Victorian Treasurer Tim Pallas delivered his sixth budget on Tuesday, revealing a $23.3 billion deficit in what he called “the most difficult year in living memory”.
The sweeping budget covers job creation, health, innovation, housing, transport and education, and while small businesses have something to gain, CPA Australia’s manager of external affairs Jane Rennie says some SMEs may feel overlooked.
“Businesses may feel somewhat ignored by this budget, although the state government has delivered support to business outside of the budget cycle,” Rennie tells SmartCompany.
“The government has nonetheless delivered a very socially minded budget which will support some of the state’s most vulnerable people,” Rennie says.
Support for business
The budget includes the support already provided to Victorian businesses affected by the pandemic this year, such as the $2.6 billion Business Support Fund, and indicates some support will continue for the rest of the financial year.
Businesses with payrolls of up to $10 million can continue deferring payroll tax for the rest of the 2020-21 financial year, and employers will be able to pay payroll tax annually instead of monthly from July 2021, if their yearly payroll tax liabilities are less than $100,000.
The move is intended to provide $309 million of cashflow support to 7,000 businesses over the next four years, according to the government.
SMEs that re-hire staff, restore hours and create new jobs are set to benefit from a new jobs tax credit, which will run for two years.
Under the scheme, eligible businesses will qualify for a tax credit of 10 cents for every dollar of Victorian taxable wages above previous years.
About $6 million will go towards the Small Business Support Toolkit, which will offer SMEs with high-growth potential masterclasses and coaching in digital innovation.
To encourage business to open or relocate to regional Victoria, the government is also offering a 50% stamp duty concession on commercial and industrial property purchases.
The budget also includes a previously announced voucher program to encourage Victorians to visit regional pubs, hotels and wineries.
Small businesses including sole traders will have access to financial advice and mental health support services under the Business Advisory and Wellbeing Program.
Farming-related small businesses suffering financial hardship will receive free financial counselling as part of the Rural Financial Counselling Service, which is co-funded by the federal government.
This year’s Victorian budget also puts forward a plan to create 200,000 new jobs by 2022, and to then double that figure by 2025.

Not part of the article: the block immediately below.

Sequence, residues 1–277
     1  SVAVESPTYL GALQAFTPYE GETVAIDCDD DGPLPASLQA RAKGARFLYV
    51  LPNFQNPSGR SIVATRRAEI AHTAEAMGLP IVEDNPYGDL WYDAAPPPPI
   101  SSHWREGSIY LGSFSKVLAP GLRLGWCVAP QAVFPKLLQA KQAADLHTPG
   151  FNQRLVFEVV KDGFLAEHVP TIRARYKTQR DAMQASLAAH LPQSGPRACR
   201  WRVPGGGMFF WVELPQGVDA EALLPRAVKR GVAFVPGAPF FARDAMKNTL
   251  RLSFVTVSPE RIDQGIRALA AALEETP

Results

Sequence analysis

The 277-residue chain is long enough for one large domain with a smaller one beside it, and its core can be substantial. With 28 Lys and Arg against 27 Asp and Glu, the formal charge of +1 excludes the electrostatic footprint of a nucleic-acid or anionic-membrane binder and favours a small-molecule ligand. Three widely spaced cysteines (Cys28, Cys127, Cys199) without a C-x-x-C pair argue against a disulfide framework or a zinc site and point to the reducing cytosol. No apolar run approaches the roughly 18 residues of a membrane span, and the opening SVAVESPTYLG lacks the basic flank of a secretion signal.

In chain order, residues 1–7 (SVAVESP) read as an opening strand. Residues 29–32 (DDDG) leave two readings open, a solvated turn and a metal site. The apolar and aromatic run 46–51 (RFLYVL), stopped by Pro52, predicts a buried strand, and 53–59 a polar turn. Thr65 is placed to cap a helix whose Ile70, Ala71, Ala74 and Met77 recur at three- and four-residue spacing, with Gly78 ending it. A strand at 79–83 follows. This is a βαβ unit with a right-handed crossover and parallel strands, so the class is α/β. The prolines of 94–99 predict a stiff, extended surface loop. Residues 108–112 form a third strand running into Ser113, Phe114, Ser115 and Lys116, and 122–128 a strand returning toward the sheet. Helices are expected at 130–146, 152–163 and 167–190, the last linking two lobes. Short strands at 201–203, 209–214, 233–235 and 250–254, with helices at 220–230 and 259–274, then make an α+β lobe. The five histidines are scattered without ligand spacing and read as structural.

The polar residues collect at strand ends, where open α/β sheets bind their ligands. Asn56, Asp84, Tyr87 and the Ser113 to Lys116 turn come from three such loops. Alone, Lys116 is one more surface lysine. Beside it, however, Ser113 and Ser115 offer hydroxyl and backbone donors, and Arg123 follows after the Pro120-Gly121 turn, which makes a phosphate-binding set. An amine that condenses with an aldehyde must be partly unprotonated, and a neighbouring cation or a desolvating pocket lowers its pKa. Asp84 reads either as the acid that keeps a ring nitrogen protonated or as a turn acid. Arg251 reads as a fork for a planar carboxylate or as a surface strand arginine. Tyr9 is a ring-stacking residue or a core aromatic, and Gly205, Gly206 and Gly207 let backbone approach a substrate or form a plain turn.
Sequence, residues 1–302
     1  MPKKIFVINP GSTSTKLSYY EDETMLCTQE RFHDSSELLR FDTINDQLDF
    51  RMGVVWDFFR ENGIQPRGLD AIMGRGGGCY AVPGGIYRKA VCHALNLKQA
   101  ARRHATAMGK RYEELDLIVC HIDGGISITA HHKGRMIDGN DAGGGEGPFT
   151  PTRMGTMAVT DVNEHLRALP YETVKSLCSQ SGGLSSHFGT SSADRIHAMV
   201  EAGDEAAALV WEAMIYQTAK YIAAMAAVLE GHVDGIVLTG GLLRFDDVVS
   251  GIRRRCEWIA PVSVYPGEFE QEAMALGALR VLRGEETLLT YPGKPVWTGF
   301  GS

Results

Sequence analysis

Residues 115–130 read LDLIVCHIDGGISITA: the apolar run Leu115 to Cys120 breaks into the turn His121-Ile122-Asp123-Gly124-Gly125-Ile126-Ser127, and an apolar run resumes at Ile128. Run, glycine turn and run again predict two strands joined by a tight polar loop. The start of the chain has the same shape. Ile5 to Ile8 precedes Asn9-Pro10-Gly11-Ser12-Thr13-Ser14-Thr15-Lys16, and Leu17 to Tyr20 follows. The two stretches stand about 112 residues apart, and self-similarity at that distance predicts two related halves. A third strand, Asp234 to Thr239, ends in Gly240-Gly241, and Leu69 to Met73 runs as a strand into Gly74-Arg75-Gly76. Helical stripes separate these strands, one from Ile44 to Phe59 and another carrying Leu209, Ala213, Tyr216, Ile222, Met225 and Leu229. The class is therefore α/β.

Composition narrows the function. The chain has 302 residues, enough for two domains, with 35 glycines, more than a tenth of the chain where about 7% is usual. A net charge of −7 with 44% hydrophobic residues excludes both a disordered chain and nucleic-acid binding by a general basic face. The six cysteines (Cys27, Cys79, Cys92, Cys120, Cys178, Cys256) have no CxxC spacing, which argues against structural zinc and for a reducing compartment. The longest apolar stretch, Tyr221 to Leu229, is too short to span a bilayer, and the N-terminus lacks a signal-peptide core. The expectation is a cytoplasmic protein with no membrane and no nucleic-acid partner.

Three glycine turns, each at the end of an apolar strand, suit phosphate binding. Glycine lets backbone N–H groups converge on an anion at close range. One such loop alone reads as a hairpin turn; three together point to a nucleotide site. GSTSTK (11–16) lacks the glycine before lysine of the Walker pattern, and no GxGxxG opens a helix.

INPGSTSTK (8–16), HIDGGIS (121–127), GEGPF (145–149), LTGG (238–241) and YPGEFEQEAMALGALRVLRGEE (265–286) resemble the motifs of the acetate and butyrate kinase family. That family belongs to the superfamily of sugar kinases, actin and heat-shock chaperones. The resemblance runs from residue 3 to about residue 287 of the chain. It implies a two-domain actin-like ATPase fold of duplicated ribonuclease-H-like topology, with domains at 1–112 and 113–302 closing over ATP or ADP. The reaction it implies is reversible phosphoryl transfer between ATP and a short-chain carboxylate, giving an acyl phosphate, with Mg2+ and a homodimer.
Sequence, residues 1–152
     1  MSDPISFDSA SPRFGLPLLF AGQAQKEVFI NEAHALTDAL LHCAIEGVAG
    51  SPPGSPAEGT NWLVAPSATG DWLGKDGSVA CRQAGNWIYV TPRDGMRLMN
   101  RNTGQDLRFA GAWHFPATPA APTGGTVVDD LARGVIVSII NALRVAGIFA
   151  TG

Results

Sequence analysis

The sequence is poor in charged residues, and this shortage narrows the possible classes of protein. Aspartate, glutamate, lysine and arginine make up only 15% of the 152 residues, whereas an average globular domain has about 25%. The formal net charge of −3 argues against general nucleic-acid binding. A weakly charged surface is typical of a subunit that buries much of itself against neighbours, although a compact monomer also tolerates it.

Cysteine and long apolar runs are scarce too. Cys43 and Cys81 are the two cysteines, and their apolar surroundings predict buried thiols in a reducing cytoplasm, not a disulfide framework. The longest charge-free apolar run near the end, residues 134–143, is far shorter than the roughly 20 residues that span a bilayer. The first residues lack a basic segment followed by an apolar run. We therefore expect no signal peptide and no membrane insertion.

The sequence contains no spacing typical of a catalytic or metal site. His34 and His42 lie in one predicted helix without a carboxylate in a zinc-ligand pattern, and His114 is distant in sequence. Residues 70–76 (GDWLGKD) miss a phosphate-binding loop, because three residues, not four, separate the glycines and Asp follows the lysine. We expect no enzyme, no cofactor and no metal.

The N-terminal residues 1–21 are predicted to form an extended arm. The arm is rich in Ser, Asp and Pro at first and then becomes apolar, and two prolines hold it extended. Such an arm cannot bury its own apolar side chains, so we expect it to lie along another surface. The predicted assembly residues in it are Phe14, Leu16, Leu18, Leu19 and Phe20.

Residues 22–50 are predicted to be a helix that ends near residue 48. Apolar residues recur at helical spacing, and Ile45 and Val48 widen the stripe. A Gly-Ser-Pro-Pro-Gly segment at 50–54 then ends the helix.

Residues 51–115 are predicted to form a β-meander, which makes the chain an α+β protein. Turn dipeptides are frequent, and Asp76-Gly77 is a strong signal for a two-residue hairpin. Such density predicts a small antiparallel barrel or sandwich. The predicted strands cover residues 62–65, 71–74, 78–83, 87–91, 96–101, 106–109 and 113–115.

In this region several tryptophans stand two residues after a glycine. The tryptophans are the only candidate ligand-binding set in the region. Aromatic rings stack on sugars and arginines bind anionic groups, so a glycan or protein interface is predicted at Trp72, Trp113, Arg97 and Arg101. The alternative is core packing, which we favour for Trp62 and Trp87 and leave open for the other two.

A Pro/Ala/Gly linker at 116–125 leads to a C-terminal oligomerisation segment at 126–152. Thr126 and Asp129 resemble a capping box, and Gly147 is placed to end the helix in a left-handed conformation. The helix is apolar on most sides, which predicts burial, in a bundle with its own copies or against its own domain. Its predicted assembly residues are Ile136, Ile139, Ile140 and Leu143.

‘The Jobs Plan’ focuses on those most affected by the COVID-19 pandemic, including women, young people, those aged over 60 and Victorians with experience but without formal qualifications.
A $619 million Jobs for Victoria program will offer $250 million to support businesses through a six‑month wage subsidy targeting young people, retrenched workers and people who have been long‑term unemployed.
About $150 million will support women returning to the workforce with wage subsidies directed towards women over 45.
There will be more funding for apprentices and trainees with a focus on helping women get into the trades.
To help women and families juggle work and care, the government has also allocated $170 million to make kindergarten free next year, and will invest $82 million to increase the availability of before- and after-school care.
The Victorian government will establish a venture capital fund to invest in the state’s startups, as well as continuing to fund LaunchVic, which supports high-potential startups.
About $10 million will go towards a women’s founders fund help female entrepreneurs access startup capital.
Eligible small businesses will be able to access vouchers to build their digital capacity and participate in workshops as part of the Small Business Digital Adaption program.
To drive innovation, the government has allocated $2 billion to Breakthrough Victoria Fund as part of a plan to make Victoria a leader in research and technology.
The Andrews government has also pledged $626 million to improve mobile coverage and broadband access in regional areas under the Digital Future Now fund.
Other notable additions to the budget include a 50% concession on stamp duty on eligible properties for the remainder of the financial year.
The health system will receive $9 billion of funding and transport will also get a boost, with $10 billion allocated for better roads and public transport, and a further $10 billion for the Melbourne Airport Rail Link in 2022.